Our previously reported experience of treating Pompe mice (an acid alpha glucosidase knockout strain) and the experience in trials in humans with enzyme replacement therapy (ERT), demonstrated that the drug is highly effective in clearing glycogen stored in cardiac muscle cells and poorly effective for skeletal muscle cells. This failure of skeletal muscle response to recombinant enzyme in Pompe disease has become a major focus of our attention and has led us into active new areas of cell biology that in themselves add great interest to our activities. In Pompe fast fibers there are large areas of autophagic accumulation, which may occupy close to half the diameter of a fiber. Massive autophagic buildup in Pompe myofibers results not only from inefficient delivery of autophagic cargo to the lysosomes but also from the induction of autophagy. We have shown that this induction may be an unintended consequence of a cellular attempt to down-regulate glycogen synthesis by activating glycogen synthase kinase (GSK), a recently appreciated regulator of autophagy. We have also shown that GSK up-regulates autophagy in C2C12 muscle cell line and in primary Pompe myoblasts. The autophagic inclusions disrupt the microtubular network and the contractile apparatus of muscle fibers. Furthermore, autophagic buildup poses a problem for the lysosomal delivery of the therapeutic enzyme which traffics to its destination via mannose-6-phosphate receptor mediated endocytosis. Since autophagic and endocytic pathways converge at several steps along the way it is not surprising that the drug ends up the autophagic area. Therefore, the removal of autophagic buildup seemed a reasonable approach to improve the therapy. To this end we have made Pompe mouse strains in which a critical autophagic gene, Atg5 or Atg7, is inactivated specifically in skeletal muscle. The tissue-specific inactivation of autophagic genes is warranted, because it was shown that suppression of autophagy in the whole body in mice leads to early post-natal lethality. As expected, autophagy was suppressed in muscles in both (Atg5 and Atg7) autophagy-deficient Pompe mice as shown by the absence of LC3II, a highly specific marker for autophagic vesicles (autophagosomes). Expansion of lysosomes, a hallmark of Pompe disease, persisted, but autophagic accumulation was absent. ERT in autophagy-deficient Pompe mice resulted in a dramatic reduction in the glycogen level approaching wild type levels. Glycogen clearance was also demonstrated by PAS staining of muscle biopsies and by immunostaining of isolated single fibers for autophagosomal and lysosomal markers. This outcome was never seen in Pompe mice in which autophagy was not tampered with. Of note, ERT plus suppression of autophagy converts Pompe mice into muscle-specific autophagy-deficient wild type mice;the health (longevity, mobility, and single fiber contractility) of these mice is far better than the health of Pompe mice. The accumulation of dysfunctional mitochondria, mild atrophy and age-dependent decrease in force have been reported in muscle-specific autophagy-deficient wild type mice, but these abnormalities seem to be a reasonable price to pay for the reversal of pathology in Pompe disease. To facilitate the development of autophagy inhibitors we have developed a Pompe mouse model, in which autophagosomes are labeled with LC3. These mice are ideally suited for in vivo testing autophagy inhibitors. We have also used these green Pompe mice for the generation of immortalized myoblast cell lines;these cell lines are being used to modulate autophagy in vitro. In yet another approach to rendering Pompe skeletal fast muscle fibers responsive to therapy, we have used the over-expression in muscle of the major regulatory protein, PGC1alpha, which changes some of the characteristics of fast muscle fibers into those of slow muscle fibers. To turn the therapy-resistant fibers into fibers amenable to therapy, we generated transgenic Pompe mice, which express PGC1 alpha in muscle. We have shown that, indeed, PGC1alpha expression resulted in a successful switch from fast to slow fibers, but they still responded poorly to therapy. Although our attempt to improve therapy by transgenic expression of PGC-1 failed, we thought that fiber-type conversion as a way to increase responsiveness to ERT is worth exploring further. The failure of PGC-1 experiments resulted from the effect of this protein on multiple aspects of energy metabolism, including glycogen metabolism. Therefore we looked for a different way to convert fiber types. We have made transgenic Pompe mice, which express myosin-encoded miR-499 under the control of the MCK promoter. The reprogramming of fast myofibers to a slower myofiber type in MCK-miR-499:WT mice is achieved by a change in the contractile rather than the metabolic properties. We are currently analyzing these mice. In a study of single muscle fibers from infants with Pompe disease obtained before and after ERT, we have noted that the dominant pathology before therapy is the presence of huge, glycogen-filled lysosome but the autophagic buildup, which is so prominent in the milder adult form of the disease, is negligible. However, in infants on ERT, as the glycogen-filled lysosomes are shrunk, autophagic buildup becomes visible. The data point to the possibility of differences in the pathogenesis of Pompe disease in infants and adults, with possible implications for the design of therapy. We have also shown that autophagic buildup in muscle fibers persists after years on therapy, and it may be a reason for unsatisfactory response to therapy. We are now conducting a long-term study and a larger number of samples to evaluate the fate of autophagic buildup in ERT-treated patients.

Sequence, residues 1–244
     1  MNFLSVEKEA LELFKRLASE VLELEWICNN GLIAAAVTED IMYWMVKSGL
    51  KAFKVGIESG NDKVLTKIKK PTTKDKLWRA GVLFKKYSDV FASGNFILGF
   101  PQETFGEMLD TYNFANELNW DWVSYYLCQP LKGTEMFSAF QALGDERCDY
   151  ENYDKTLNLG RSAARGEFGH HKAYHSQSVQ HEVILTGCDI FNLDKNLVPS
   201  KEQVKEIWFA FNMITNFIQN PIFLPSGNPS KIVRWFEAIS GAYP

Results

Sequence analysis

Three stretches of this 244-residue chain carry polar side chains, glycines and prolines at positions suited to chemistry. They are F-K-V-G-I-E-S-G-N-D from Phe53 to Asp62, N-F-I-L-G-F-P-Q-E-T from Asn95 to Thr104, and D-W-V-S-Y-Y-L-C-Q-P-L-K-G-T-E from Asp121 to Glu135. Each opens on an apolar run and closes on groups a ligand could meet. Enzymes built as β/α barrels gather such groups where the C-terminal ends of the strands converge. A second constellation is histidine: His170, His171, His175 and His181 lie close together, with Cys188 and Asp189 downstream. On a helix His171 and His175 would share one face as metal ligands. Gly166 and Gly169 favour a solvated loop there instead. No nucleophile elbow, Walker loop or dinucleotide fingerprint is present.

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National Institute of Arthritis and Musculoskeletal and Skin Diseases
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Raben, Nina; Puertollano, Rosa (2016) TFEB and TFE3: Linking Lysosomes to Cellular Adaptation to Stress. Annu Rev Cell Dev Biol :
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Spampanato, Carmine; Feeney, Erin; Li, Lishu et al. (2013) Transcription factor EB (TFEB) is a new therapeutic target for Pompe disease. EMBO Mol Med 5:691-706